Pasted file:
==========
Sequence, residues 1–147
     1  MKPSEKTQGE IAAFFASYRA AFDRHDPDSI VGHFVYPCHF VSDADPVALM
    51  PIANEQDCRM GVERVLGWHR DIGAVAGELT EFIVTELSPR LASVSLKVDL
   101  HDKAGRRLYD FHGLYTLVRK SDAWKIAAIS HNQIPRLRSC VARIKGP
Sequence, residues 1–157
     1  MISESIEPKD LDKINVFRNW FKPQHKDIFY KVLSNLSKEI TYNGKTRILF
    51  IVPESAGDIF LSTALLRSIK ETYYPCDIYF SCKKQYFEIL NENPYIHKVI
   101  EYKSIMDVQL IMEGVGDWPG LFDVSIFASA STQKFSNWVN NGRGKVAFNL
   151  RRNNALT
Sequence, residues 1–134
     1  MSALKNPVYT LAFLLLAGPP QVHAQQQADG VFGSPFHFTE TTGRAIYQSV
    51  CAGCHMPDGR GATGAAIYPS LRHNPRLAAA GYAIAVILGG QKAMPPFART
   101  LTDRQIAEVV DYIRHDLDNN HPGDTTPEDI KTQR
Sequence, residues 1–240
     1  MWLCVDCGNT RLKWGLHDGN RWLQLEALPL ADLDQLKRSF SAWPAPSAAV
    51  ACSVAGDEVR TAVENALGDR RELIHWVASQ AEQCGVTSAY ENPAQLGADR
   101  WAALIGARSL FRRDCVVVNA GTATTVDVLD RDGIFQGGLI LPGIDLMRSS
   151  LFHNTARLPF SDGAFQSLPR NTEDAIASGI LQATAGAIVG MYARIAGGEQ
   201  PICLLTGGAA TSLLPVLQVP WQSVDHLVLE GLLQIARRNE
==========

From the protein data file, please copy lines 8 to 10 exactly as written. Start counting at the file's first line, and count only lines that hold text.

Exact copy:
   101  EYKSIMDVQL IMEGVGDWPG LFDVSIFASA STQKFSNWVN NGRGKVAFNL
   151  RRNNALT
Sequence, residues 1–134